Evidence about those policies' effectiveness has been mixed. One study sent 15,000 fake online job applications to employers in New York City and New Jersey for entry-level and low-skill positions before and after such policies were adopted. It found that "ban the box" policies improved the situation for those with records but also led to an uptick in racial discrimination by employers.

On the other hand, a study by AEI's Daniel Shoag and Stan Veuger found that "ban the box" increased employment for residents in high-crime neighborhoods by up to 4%, with increases particularly in public sector and lower-wage jobs, that black men benefited from the changes, and that the employers responded to the measures by raising experience requirements.

But even if someone finds employment, that's not necessarily the end. While in prison, one of Alvarez's friends was trained to become a plumber and eventually found work after he got out. But two years ago he was arrested for carrying a knife. Alvarez said it wasn't being used as a weapon but was among his various plumbing tools. He's now incarcerated for that charge.

"They sentenced him for two to four years for carrying something you could buy at Home Depot. It wasn't a weapon. It was for work," Alvarez said. "Just because of his record he was sentenced. A man with two kids, a wife, works for 60 hours a week. Horrible, you know?"

America versus the world

The US is an outlier when it comes to putting people behind bars, with the second-highest incarceration rate in the world. The number of Americans in prison jumped over the past 25 years. That's correlated with the tough "war on drugs"-era tough-on-crime policies.

But high incarceration rate policies have two key problems: They don't create alternative and better opportunities for those living in communities with high crime rates, and they don't address the question of how people should create new lives once they're out of jail.

There are no official statistics on the number of people who have spent time in prison, but it's likely that given the large increase in incarceration rates, there's been a corresponding increase in those who were incarcerated, according to a paper published by the Council of Economic Advisers under the Obama administration in 2016.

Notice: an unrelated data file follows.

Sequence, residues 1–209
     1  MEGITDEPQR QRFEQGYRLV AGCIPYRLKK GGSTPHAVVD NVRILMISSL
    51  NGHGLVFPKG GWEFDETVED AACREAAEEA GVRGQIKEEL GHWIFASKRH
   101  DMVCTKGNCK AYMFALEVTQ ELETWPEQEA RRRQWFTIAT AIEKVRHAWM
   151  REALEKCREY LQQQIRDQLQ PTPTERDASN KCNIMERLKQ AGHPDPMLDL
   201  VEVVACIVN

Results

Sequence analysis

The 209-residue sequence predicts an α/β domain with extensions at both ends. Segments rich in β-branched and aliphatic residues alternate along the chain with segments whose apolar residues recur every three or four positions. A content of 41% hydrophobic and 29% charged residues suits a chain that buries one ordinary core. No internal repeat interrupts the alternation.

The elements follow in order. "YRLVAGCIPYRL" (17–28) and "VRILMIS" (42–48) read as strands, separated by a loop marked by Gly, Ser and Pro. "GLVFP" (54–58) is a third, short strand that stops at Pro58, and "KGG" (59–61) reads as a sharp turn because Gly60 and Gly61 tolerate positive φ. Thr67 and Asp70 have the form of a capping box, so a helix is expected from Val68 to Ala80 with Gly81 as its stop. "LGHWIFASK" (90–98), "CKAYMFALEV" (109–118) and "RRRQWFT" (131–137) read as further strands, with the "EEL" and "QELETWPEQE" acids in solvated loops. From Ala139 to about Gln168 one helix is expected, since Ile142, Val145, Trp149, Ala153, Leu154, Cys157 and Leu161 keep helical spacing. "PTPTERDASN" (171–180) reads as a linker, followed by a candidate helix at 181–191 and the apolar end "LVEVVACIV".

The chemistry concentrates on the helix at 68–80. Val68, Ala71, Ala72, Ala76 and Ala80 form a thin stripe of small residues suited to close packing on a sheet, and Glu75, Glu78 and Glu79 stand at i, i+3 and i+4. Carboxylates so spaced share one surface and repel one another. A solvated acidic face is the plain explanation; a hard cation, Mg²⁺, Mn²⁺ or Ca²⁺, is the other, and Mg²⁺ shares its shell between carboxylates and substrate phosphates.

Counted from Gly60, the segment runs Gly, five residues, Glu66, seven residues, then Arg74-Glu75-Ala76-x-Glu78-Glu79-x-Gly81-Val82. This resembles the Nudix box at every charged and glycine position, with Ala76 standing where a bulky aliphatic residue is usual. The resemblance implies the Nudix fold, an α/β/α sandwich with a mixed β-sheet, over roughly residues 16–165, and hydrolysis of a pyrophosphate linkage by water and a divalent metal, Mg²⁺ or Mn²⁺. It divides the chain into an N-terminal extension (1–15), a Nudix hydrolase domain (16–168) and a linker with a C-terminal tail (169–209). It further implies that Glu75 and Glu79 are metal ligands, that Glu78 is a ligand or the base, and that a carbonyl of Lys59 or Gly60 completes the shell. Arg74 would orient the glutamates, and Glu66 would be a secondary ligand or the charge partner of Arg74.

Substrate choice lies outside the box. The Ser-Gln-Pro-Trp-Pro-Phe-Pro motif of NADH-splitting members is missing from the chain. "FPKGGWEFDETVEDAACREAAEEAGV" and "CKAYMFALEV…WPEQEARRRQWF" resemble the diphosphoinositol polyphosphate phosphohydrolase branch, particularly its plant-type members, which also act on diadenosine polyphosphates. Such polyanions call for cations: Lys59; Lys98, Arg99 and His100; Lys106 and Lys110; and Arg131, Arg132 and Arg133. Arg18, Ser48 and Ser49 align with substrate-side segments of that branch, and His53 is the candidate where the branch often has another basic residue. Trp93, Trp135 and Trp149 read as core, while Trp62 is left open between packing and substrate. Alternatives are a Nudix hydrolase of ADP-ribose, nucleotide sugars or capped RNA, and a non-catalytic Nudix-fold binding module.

Taking that a step forward, several pieces of research have suggested there's a potentially large number of people belonging to this group who aren't jumping back into the workforce, which can then hurt their economic and financial futures.

Many of the people from Alvarez's neighborhood just "go immediately back to what they know" once they're out of prison, he said. That's generally selling drugs. He's one of a few who's managed to hold down a job.

"It's rough. Everybody wants a good job. We all would've probably gone to school earlier, [if we] had the right guidance in our lives to actually put us through that route. It might've worked out better for us," Alvarez said.

"Unfortunately, a lot of us, for myself, I was raised by the streets from very young. From about 15 years old. I knew nothing but the kids in the neighborhood and I followed what was going on," he continued. "We all got into things together. I had no father figure, a male figure, to steer me in the right way."

Nowadays, one of the things Alvarez is most passionate about is keeping his three sons on track. And he credits them as the reason he's managed to stick it through his job, even though the post-prison work-situation hasn't been ideal. He hopes all kids can be so lucky.

"My community is mainly Puerto Rican and black. I think [the children] just need to see more professional people that actually look like them that are not out there doing drug deals and robberies."